Still Don’t Think that Theism is a Mental Disorder?

Posted on January 13, 2008. Filed under: Atheism | Tags: , , , , , , , , , , , , |

Wow. A whole barrage of nonsense came at us in the past two weeks or so. First off…a man cuts off his own hand with a circular saw after seeing the Mark of the Beast on it. With a circular saw. And then microwaves it. And then calls the authorities. A quote from one of the sherriff’s deputies states, “That kind of mental illness is just sad.” I couldn’t agree more.

Now, I know what you guys are going to say–“It’s not BECAUSE of religion.” Actually, I don’t think that a case could be made either way. Was he likely vulnerable to delusional behavior? Yeah, I’ll concede that one. The fact that religion is unique in its ability to seep into the crevices of your mind so pervasively that this theme plays out in our society over and over again isn’t addressed by that statement, though. How do the appeasers and framers answer that? Maybe it only manifests itself in those already prone to mental illness, but isn’t that akin to excusing and perpetuating a belief system that preys on the weak? What exactly is it that causes atheists to feel this compulsion to cover for a malevolent, archaic belief that has caused mothers to kill their children, countless cases of child abuse, seemingly endless wars and violence, and self-mutilation and flagellation that can be traced back to the very foundation of the religion?

One doesn’t need to delve too deeply to uncover the singular thread that has persisted throughout religious history–violence. Violence against others and oneself. Internally or externally expressed; it’s there from day one. Ignatius of Loyola makes an interesting case study demonstrating the way in which religion exploits this predisposition to self-loathing and delusional disorders. The esteemed founder of the Jesuit’s autobiography details graphically the man’s obsession with self-harm, his hallucinations, and his severe depression which would at times lead him to drastic measures such as digging a hole in his room at college deep enough that he hoped to end his life by jumping into it. All that to escape the demons that he felt were tempting him with indecent, ungodly thoughts. Sometimes that would lead to an insatiable desire to harm himself in order to purge this evil from his body, simultaneously punishing himself for not having the strength to resist thoughts that were likely normal human doubts and concerns. His life as a beggar on the streets, living only off of the good-will (and pity) of others, as well as an extremely hazardous trek from his home in Italy to Jerusalem soon after his conversion on which he embarked with nothing more than the clothes on his back all coalesce to form an image of a man haunted by the great spector in the sky and his impending wrath…read more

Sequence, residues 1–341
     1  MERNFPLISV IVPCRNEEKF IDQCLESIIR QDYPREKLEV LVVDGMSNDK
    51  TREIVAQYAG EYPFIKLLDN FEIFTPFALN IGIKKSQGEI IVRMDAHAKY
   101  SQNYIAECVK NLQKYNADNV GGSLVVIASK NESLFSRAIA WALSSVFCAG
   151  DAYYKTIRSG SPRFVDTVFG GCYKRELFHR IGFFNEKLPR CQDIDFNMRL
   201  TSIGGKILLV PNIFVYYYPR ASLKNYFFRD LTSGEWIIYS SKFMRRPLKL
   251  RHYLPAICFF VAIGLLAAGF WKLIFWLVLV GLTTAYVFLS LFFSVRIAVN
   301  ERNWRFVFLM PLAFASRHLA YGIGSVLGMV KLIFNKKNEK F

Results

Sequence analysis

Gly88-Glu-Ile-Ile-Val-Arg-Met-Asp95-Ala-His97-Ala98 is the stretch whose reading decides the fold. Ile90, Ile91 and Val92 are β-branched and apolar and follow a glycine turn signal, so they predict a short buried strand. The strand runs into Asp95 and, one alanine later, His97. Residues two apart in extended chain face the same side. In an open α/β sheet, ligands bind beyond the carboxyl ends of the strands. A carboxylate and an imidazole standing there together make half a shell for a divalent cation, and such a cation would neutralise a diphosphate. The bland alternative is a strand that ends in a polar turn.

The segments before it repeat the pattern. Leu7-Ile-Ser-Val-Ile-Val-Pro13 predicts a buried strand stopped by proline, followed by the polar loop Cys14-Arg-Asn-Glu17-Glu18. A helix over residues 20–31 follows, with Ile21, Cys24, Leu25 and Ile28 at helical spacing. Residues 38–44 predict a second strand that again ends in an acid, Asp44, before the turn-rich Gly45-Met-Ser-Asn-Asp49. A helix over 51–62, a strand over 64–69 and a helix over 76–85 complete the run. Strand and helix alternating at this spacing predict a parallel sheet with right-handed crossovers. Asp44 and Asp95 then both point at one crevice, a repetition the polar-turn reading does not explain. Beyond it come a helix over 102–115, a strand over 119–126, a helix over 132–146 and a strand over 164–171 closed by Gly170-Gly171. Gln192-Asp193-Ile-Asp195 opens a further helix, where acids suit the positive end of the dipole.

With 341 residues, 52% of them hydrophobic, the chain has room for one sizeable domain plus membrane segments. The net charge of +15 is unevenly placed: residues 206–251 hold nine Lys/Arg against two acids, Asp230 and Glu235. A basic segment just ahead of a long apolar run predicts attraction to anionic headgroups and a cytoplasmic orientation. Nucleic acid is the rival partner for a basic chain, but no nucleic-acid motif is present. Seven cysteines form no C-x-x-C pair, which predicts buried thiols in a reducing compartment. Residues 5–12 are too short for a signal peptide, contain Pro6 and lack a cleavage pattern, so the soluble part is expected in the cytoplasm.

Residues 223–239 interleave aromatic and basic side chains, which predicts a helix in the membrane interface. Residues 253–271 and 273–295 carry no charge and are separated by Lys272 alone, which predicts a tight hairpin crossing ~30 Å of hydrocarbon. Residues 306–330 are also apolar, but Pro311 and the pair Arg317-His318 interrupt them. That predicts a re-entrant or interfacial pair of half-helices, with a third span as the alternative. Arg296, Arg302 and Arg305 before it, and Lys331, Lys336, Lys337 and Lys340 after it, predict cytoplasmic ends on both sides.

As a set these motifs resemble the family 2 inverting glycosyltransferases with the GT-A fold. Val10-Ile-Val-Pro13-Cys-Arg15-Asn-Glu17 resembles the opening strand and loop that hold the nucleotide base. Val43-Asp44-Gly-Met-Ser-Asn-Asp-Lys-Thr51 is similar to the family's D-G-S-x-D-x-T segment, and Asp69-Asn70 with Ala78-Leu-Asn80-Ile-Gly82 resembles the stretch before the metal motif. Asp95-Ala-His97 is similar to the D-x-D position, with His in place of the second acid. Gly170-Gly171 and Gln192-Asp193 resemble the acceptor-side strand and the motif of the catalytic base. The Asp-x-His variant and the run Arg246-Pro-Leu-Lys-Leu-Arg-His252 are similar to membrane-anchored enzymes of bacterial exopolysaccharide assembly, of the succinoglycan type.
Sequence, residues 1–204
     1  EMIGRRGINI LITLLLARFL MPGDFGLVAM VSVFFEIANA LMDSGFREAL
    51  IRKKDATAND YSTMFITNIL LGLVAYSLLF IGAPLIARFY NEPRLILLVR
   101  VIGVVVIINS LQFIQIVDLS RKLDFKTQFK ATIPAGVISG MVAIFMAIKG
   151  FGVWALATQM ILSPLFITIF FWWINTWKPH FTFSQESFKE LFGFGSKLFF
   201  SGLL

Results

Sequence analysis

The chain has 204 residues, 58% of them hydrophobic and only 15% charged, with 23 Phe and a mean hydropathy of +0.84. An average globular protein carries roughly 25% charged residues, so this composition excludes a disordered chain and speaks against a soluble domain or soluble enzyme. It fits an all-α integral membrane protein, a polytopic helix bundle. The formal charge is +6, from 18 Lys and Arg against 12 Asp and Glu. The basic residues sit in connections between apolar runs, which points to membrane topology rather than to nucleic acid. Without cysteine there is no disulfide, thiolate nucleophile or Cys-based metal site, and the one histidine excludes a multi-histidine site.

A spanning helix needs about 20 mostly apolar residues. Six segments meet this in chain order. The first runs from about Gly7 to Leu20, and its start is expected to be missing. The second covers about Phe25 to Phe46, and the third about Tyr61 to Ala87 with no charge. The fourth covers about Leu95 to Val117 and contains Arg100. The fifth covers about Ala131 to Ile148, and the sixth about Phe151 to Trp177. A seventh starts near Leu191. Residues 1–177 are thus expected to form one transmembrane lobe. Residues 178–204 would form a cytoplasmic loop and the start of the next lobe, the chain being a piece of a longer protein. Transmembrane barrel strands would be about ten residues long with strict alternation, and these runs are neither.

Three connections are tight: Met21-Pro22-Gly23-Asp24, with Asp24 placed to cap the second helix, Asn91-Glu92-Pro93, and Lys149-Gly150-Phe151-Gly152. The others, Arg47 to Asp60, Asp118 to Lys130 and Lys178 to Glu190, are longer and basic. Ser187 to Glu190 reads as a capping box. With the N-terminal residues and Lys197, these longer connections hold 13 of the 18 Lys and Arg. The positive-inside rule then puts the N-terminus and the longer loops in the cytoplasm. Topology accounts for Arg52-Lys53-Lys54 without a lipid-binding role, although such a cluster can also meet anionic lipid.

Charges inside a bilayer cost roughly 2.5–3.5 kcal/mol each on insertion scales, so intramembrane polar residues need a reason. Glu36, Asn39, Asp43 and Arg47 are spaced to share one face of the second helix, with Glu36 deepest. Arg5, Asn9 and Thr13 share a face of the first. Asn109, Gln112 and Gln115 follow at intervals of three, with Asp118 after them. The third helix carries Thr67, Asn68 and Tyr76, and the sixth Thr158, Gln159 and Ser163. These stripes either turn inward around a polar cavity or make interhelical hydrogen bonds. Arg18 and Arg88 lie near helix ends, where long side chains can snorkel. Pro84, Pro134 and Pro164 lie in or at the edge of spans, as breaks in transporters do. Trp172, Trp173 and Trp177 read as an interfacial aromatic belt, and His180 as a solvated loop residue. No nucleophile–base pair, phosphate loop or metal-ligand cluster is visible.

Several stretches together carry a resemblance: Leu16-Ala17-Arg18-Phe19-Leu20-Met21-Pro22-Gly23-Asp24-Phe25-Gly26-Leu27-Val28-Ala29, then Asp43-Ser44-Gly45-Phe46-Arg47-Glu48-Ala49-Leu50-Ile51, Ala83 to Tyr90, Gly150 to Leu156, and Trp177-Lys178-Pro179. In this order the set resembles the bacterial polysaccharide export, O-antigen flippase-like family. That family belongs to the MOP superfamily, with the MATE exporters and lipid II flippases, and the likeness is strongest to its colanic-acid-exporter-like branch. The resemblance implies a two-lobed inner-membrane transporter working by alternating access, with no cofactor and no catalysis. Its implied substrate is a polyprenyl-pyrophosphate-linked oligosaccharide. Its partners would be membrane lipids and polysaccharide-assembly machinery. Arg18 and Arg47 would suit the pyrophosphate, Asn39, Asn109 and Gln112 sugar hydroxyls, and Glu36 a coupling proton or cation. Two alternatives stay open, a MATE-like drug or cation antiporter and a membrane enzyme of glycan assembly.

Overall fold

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The Infallible Pope Benedict Releases Bigoted Encyclical Vilifying Atheism

Posted on December 4, 2007. Filed under: Atheism | Tags: , , , , , , , |

The Catholic Church has officially ended their
campaign to improve the public image of the Church with the latest
papal encyclical, Spe Salvi, which means “saved by hope” for
the Latin fans out there. The Catholic Church’s history is littered
with crimes against humanity, and Pope Benedict XVI seems to desire the
return to pre-Vatican II Catholicism. This was a concern voiced by many
at the time that the former Joseph Ratzinger* was canonized to this
position. The former pope, John Paul II, had made great strides in the
modernization of the Church, and many were reluctant to elect somebody
who would reverse that trend. Despite John Paul’s dogmatic adherence to
the sexual proscriptions of Catholicism, he at least officially
accepted evolution, admitted Protestants into heaven, and eliminated
limbo. (Where was that place anyway? I may have been there once…) Pope
Benedict is turning out exactly as predicted.

The
attempt to correlate atheism with violence, hatred, and genocide is the
faithful fall-back argument for theists looking for a scapegoat. As in
many other situations, their best defense for their beliefs and the
resulting atrocities throughout history is something like, “Atheists
did it, too! Just look at Hitler, Stalin, and Pol Pot. You’re just like
us!” Well, I beg to differ. Those three well-worn examples did not
commit those crimes because of their lack of god-belief. That is where
the fundamental difference lies. The communist regimes wanted to
eradicate religious belief so that the sole allegiance of the populace
would be to the government. It was not driven by an atheistic agenda per se,
but rather a power struggle with the religious ideologues who would
seek to thwart their dominance over the people. Regardless of what
those particular despots may have done, though, Ratzinger’s claim that
atheism is the cause of the “greatest forms of cruelty and violations
of justice” in history falls flat on its face when one thumbs through
the annals of history…read more

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